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European Countries Pledge Practical Measures in Fighting Terrorism


Security ministers from Europe say they will cooperate on practical measures to combat terrorism. The security conference was called after the public revelation of the alleged terrorist plot against U.S.-bound aircraft.

British Home Secretary John Reid says all of Europe faces, what he calls, "a persistent and very real terrorist threat" and individual rights have to be balanced against collective security to combat it.

"But as we face the threat of mass murder we have to accept that the rights as an individual that we enjoy must be balanced with the collective right of security and the protection of life and limb that our citizens demand," he said. "That is not always an easy balance, but it is one that we are committed to maintaining."

Reid briefed his European counterparts on the alleged terrorist plot hatched in Britain against U.S.-bound aircraft. The European security ministers pledged to take, what they called, "joint practical measures" to combat the terrorist threat.

The measures include better information sharing, speeded-up research into the detection of explosives, and improving relations with their respective Muslim communities. The ministers also agreed to convene a special conference of their intelligence chiefs.

European Union Justice Commissioner Franco Frattini said the measures might also include blocking Internet websites that incite terrorism.

"But I think it is very important, for example, to explore further possibilities of blocking websites that concretely incite to commit terrorist actions or for example providing of the diffusion of expertise or knowledge about bomb making," said Frattini.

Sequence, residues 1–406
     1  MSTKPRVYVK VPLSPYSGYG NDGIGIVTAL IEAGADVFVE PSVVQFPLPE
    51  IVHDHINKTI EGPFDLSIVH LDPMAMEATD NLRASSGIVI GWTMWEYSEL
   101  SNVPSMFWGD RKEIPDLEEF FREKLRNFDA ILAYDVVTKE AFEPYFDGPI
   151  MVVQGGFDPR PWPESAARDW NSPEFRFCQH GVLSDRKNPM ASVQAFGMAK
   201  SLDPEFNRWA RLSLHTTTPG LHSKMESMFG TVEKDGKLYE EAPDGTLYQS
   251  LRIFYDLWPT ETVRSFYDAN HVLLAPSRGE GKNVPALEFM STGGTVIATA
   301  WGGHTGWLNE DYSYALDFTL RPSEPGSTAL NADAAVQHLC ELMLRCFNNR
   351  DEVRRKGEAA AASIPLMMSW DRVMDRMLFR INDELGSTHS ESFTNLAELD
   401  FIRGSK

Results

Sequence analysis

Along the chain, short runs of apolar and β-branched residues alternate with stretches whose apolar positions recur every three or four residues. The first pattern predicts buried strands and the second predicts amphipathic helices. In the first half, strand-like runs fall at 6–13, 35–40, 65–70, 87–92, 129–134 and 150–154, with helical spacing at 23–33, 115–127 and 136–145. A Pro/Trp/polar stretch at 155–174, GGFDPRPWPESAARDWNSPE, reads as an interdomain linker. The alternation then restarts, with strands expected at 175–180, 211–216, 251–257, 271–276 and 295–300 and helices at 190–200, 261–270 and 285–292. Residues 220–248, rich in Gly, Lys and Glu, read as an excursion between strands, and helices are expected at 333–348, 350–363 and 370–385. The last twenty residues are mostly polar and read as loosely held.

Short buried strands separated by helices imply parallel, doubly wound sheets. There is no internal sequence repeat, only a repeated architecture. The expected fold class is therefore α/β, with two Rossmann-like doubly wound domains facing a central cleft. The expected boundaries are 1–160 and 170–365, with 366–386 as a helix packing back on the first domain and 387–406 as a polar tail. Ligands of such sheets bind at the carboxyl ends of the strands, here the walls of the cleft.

Frattini acknowledged that it is a sensitive subject and one the ministers did not discuss during their meeting. He also said European governments will do more to improve relations with their Muslim communities.

"We have been discussing about the integration and relations with Muslim communities. One area, which is very important, is radicalization," he added. "Prevent and fight against radicalization also means thinking about training imams at the European level, because we do want a European Islam. And that is very important not only to show to the Muslim communities that we fully respect other religions, other faiths, but that we also want their respect of national laws, European laws, and fundamental rights, and, first of all, the right to life."

Some British Muslim leaders have sharply criticized the anti-terror laws adopted by Britain after last year's suicide bombings on London Underground trains, saying the measures unfairly single them out for special attention by authorities.

Britain also adopted especially stringent security controls at its airports after the terrorist plot came to light last week.

British Home Secretary Reid said European countries have to adopt a common set of security standards so terrorists will not look to shop around to find an airport with weaker security measures.

"And one of the points this morning was to discuss and share the threats and the responses precisely in order that we do not have a position where the terrorists feel that if it is difficult to get through the security checks in London, they might be able to go to Frankfurt or Berlin or Paris or somewhere else," he added.

Meanwhile, an embarrassing security breach has come to light. A 12-year-old runaway boy with no passport, ticket or boarding pass got on board a Lisbon-bound flight Monday at London's Gatwick Airport. He was discovered before takeoff when flight attendants found there was one too many passengers aboard the plane.

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